Suffolk County Correctional Facility in Riverhead

Suffolk County Correctional Facility in Riverhead Credit: James Carbone

Long Island officials say they began taking steps to provide all inmates at county jails with the COVID-19 vaccine weeks ago, even before a Bronx judge ordered authorities to offer the shots to incarcerated people on Monday.

Suffolk County Sheriff Errol Toulon, who manages jails in Yaphank and Riverhead, said 100 inmates will be offered the vaccine this week, while another 100 will be offered it next week.

Sheriff James Dzurenda, who oversees the Nassau County Correctional Facility in East Meadow, said his staff also began preparations weeks ago and will start offering inoculations to inmates as soon as it receives a supply of the vaccine.

"It is a goal of ours to get it done as fast as we can," Dzurenda said. "It protects the inmates, it protects the staff and it protects the community."

Both sheriffs said they will provide inmates with the Johnson & Johnson vaccine because it requires just one inoculation and corrections officials won’t have to track them down if they are released before they receive their second dose. Inmates may be housed at county jails for less than a day or for months.

Suffolk County jails have an adequate supply of the vaccine, Toulon said, and officials had to work through information technology issues this week before they could start administering shots.

"The numbers have to be registered with the state, but other than that, this should be a very smooth process," Toulon said.

Bronx Supreme Court Justice Alison Y. Tuitt ruled on Monday that the state must offer the COVID-19 vaccine to all inmates and jails immediately, calling their eligibility exclusion "unfair and unjust."

The ruling was in response to a lawsuit filed last month by two Rikers Island inmates, Charles Holden, 52, and Alberto Frias, 24, who said in court papers that they were never offered vaccinations.

The judge’s ruling came on the same day state officials announced that adults over age 30 would be eligible for the vaccine this week, and that people over age 16 would be eligible next week

The state allowed inmates 65 and over to get the vaccine on Feb. 5, about a month after non-incarcerated seniors were declared eligible. Inmates in juvenile detention centers were declared eligible for the vaccine later that month. Inmates with multiple underlying health conditions were declared eligible on March 5, about three weeks after state officials opened the vaccine to non-incarcerated people with co-morbidities.

Public health experts and advocates for inmates say correctional facilities are especially dangerous during pandemics because of crowded conditions and lack of access to soap, water and other hygienic supplies.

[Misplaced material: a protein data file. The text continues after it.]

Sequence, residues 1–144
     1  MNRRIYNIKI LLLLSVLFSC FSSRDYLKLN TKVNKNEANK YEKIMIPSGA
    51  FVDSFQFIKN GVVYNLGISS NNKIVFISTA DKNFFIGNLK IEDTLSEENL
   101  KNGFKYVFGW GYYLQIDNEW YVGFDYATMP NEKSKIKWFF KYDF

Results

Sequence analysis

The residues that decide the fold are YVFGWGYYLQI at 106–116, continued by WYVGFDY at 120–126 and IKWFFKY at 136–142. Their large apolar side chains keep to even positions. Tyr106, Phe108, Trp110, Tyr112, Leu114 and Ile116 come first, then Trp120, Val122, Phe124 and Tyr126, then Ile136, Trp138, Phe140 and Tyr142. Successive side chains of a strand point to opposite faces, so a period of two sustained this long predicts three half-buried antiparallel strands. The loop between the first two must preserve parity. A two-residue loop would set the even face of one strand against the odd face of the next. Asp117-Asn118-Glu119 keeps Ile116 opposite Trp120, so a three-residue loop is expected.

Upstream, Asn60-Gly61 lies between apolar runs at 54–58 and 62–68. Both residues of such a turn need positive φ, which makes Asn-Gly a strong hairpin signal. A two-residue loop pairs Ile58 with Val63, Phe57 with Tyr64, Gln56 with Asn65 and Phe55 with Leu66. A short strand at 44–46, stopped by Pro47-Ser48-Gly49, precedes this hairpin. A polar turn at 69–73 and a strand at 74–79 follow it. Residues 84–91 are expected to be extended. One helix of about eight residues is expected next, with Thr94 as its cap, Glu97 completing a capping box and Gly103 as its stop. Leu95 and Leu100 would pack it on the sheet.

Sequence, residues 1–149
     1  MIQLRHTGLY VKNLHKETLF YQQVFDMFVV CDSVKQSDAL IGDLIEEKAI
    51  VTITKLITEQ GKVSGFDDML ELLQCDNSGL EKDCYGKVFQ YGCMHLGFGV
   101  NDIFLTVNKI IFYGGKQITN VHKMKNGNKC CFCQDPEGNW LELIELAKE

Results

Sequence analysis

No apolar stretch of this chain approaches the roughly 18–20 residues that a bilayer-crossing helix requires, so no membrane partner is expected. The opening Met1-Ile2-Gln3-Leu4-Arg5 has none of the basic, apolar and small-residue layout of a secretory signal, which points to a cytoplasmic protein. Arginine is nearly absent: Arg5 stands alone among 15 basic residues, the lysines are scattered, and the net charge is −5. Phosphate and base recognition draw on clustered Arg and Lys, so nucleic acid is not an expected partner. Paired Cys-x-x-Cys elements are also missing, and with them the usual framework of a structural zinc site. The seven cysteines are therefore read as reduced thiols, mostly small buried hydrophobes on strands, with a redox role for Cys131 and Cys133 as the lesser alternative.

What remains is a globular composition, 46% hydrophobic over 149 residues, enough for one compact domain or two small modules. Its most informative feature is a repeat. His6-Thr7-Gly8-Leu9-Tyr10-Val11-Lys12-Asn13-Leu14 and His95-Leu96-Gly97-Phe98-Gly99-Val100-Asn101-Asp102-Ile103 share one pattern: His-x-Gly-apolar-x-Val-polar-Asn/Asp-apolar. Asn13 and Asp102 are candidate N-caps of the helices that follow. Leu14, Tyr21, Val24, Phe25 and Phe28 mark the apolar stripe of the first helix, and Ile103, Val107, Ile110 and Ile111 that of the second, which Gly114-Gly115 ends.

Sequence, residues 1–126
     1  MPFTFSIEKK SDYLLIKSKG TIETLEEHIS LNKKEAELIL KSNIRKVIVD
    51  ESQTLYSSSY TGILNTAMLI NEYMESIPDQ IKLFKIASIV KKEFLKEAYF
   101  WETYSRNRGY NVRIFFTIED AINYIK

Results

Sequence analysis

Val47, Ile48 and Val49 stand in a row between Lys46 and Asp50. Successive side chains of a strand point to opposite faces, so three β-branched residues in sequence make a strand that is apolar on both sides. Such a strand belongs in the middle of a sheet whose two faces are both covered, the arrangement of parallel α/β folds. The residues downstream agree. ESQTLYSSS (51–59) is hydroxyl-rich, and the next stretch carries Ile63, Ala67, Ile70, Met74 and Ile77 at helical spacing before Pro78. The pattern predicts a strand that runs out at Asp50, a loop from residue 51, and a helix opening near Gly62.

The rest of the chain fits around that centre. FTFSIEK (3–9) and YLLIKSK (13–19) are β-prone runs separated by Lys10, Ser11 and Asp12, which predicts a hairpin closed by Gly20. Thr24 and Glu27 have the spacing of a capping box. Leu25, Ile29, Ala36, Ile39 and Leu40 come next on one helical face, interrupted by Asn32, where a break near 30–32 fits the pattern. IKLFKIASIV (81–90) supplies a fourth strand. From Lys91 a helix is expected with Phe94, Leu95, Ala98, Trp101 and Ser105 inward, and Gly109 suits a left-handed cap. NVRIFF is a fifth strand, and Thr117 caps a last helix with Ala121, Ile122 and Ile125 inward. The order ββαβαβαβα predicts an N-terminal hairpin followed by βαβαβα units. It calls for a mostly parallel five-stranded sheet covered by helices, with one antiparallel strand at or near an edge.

Lou Viscusi, president of the Suffolk Corrections Officers Association, said the union backs the judge's decision. "I support that 100%, I'm for anything that ends up with a work environment that is safer for all of us," Viscusi said.

Nassau Correction Officers Benevolent Association president Brian Sullivan said: "If giving inmates the vaccine gets us out of this pandemic, I'm for it."

Advocates for the incarcerated said inmates should have received the vaccine a long time ago.

"We began calling for vaccinations for inmates months and months ago," said Serena Liguori, executive director of New Hour for Women and Children, which provides support to women and children impacted by incarceration. She said many inmates who struggle with substance abuse, diabetes, dental problems and other conditions are especially vulnerable to COVID-19.

"I think the sheriffs are well-intentioned, but where is the urgency?" added Liguori, who helped organize a rally outside the Nassau County Correctional Facility on Monday that called for vaccinations for all inmates who want it. "It is a little too little and a little too late."

Another rally organizer, Lucas Sanchez, the Long Island director of New York Communities for Change, said the vaccination delay was "obscene," adding: "Early in the pandemic it became clear that incarcerated people are some of the most vulnerable people in regards to COVID."

Dzurenda said 270 correction officers and 159 inmates have tested positive for the coronavirus since March 1, 2020. "No deaths, thank God," he said.

Toulon said 165 correction officers have tested positive for the virus during that same period. Fifty-two inmates have contracted the virus in the Yaphank and Riverhead jails since March 2020. The vast majority — 40 — were infected in December during the holiday surge, Toulon said.

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